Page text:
The Associated Press
A National Weather Service official said Thursday it was too early to tell for sure whether a massive swath of storms that sprawled across northern Indiana overnight had spawned the destructive derecho that had worried meteorologists across the Midwest.
A derecho is a storm of strong straight-line winds spanning at least 240 miles. The systems are distinctive and take on a comma or bow shape, and usually have a large area of very cold cloud tops not typically seen in an ordinary thunderstorm.
“A derecho is based more on research,” said Evan Bentley, a meteorologist at the weather service office for northern Indiana, “How much damage, how widespread it was.” It could take days to determine whether the storms met the criteria for a derecho, he said.
Derecho or not, the storms left a trail of damage from strong winds and golf ball-sized hail from Iowa through the Appalachians before it fizzled out.
“It was definitely strong,” Bentley said.
In Indiana, the heaviest damage came near Wabash, about 40 miles southwest of Fort Wayne, where weather service investigators found extensive tree damage and three farm structures destroyed by winds estimated at 90 to 100 mph.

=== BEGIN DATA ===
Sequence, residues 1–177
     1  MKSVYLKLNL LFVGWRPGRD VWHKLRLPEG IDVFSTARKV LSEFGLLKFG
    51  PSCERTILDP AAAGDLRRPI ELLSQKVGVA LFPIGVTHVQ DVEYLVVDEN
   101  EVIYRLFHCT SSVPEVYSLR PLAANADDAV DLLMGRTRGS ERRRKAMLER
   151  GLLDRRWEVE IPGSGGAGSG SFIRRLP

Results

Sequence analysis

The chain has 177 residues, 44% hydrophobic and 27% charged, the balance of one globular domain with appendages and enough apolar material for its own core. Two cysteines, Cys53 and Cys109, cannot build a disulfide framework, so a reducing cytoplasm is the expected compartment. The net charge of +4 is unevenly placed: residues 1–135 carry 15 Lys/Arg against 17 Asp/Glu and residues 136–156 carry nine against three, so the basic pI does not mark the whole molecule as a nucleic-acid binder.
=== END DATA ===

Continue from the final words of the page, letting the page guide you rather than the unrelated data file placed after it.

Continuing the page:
“The guys who came back said they were some of the strongest straight line winds they’ve ever seen,” Bentley said.
At one point Wednesday night, utility poles and trees downed by the storms had cut power to about 44,000 customers of Northern Indiana Public Service Company, the region’s largest utility. The biggest concentration of outages was in northwestern Indiana’s Lake County.
NIPSCO said it had restored power to all but about 4,500 homes and businesses by mid-day Thursday. The utility said it expected to restore power for most of its remaining customers by late Friday night.
At one point Wednesday night, the mass of storms spanned the state from Gary to Fort Wayne.
Bill Bunting of the National Weather Service’s Storm Prediction Center in Norman, Okla. said thunderstorms took longer than expected to merge into a large line that could cause widespread damage. The merger also happened farther east than expected, which limited the potential for widespread damage in Illinois and Indiana, though those states still had pockets of severe weather.
Still, overall, the storms appear to have caused less wind damage than was feared, Bunting said.